You definitely don't need to use prepackaged bias tape, of course. I do like using homemade instead, but since I had some of the prepackaged stuff on hand I just used that. Here is the method I like best when using the prepackaged bias tape.
First, open up the tape and lay it with its right side facing the right side (the one with the main fabric), lining up the raw edges. Usually, bias tape has one side with a shallower fold than the other side -- if it does, put that closest to the outside. This bias tape didn't for some reason.
Fold about a 1/4" of the tape up (see photo) and begin sewing in the outermost fold.
Sew all the way around the circle, taking care to keep the edge of the bias tape precisely even with the edge of the main fabric. Here, for some reason my coordinating fabric circle turned out a tiny bit bigger than the main fabric, so I trimmed it down to size before I folded the bias tape around.
When you get to the beginning of the circle, overlap the bias tape and sew over the original about 1/2" or 3/4". Do a lock stitch and cut the threads.
Clip off the excess tail of the bias tape (and trim any wide spots in the coordinating fabric!).
Fold the bias tape around to the back side of the circle and give it all a little press with the iron. Make sure the place where the ends overlap looks neat and tidy. I also pin it all down to make sure it doesn't shift when I do the next step.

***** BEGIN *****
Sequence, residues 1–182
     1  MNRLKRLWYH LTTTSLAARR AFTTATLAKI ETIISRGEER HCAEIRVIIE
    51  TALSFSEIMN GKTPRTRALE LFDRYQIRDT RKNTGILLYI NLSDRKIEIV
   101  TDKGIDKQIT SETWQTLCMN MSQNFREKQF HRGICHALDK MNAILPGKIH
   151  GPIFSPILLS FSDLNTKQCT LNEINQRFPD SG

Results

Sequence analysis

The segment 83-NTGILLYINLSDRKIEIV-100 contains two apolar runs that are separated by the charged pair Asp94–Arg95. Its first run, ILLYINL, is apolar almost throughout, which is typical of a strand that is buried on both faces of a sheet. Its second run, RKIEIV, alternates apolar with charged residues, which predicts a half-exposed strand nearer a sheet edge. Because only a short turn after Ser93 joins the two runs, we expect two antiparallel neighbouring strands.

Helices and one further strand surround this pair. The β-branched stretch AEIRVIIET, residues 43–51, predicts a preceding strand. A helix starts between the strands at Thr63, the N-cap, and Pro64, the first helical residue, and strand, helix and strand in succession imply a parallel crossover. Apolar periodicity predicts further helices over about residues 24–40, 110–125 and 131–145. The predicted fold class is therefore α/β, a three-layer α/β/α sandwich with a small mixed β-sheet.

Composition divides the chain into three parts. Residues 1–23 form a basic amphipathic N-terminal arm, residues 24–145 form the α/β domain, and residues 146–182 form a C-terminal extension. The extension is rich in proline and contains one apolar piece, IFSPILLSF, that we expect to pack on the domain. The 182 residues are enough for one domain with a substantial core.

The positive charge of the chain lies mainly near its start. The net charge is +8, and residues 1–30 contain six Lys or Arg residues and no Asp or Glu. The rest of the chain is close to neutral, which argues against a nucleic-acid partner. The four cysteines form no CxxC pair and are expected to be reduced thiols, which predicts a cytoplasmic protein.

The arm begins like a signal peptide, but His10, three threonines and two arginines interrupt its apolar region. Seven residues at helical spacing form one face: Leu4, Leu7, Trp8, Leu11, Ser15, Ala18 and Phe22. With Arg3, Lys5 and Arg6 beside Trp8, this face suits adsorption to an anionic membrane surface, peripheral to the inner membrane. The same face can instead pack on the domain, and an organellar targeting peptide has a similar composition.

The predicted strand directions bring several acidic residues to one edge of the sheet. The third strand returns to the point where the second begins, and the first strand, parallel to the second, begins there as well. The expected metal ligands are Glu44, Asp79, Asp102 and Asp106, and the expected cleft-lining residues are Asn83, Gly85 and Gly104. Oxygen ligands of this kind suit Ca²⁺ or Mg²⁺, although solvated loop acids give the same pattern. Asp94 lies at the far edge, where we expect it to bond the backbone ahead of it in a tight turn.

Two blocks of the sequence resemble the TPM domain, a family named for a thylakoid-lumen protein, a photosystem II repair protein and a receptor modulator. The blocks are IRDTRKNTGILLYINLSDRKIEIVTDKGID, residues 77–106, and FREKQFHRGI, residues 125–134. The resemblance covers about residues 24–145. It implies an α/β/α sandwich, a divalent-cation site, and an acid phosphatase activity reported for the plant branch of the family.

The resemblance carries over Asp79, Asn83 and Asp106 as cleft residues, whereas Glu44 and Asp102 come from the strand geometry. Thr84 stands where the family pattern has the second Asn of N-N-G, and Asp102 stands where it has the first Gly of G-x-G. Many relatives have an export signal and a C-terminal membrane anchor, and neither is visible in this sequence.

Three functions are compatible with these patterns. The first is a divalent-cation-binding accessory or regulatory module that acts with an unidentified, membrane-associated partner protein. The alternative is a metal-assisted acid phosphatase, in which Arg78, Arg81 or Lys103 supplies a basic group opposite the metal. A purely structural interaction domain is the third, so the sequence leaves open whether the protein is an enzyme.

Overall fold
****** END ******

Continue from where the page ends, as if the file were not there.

From the right side (the side with the main fabric), sew near the inside edge of the bias tape. Periodically peek around to the back side to make sure you are catching the bias tape on the backside. If you're not, shriek in frustration while you rip it out and resew with a slightly more generous seam allowance.
Here's how it should look from the front side. I forgot to take a picture from the back, but ideally it should look pretty much like this from the back as well.
Now you have a lovely bound circle. Mine kind of curled up at the edges, but that doesn't really matter.
STEP THREE: CREATING THE BASKET SHAPE
Fold the circle in half with the coordinating fabric on the inside. If you're making the larger basket, measure 2" up from the bottom "corner" and pin the layers together right on the bias tape. Repeat on the other side.
If you're making the smaller basket, then pin the layers together 1 1/2" from the "corners".
This is what it should look like now.
Open it up and pinch it back together in half the other way with the pinned places matching together in the middle. Pin the other two "corners" together at the two-inch mark like you did above.
Here's what you should have now -- it's starting to look like a real basket!
Sew right where each of the pins were a seam perpendicular to the bias tape, only as long as the width of the tape. Yeah, white stitching on white bias tape is not so easy to see, but my messy lock stitches are right there in their full glory.
Once you have sewn all four of the "corners", it should look like this from above:
Stuff the basket full of some cute notions and you're in business!
Here is the notions basket with its little buddy, the thread catcher.
My sister has assured me that she is not looking to pick up sewing as a full-blown hobby, but she loves the idea of being able to line the bags and pouches that she crochets. Then, she tell me that she is going to sew her daughter, Sonia, a Princess Leia costume for Halloween. Bon voyage!
Tutorial for personal use only, please.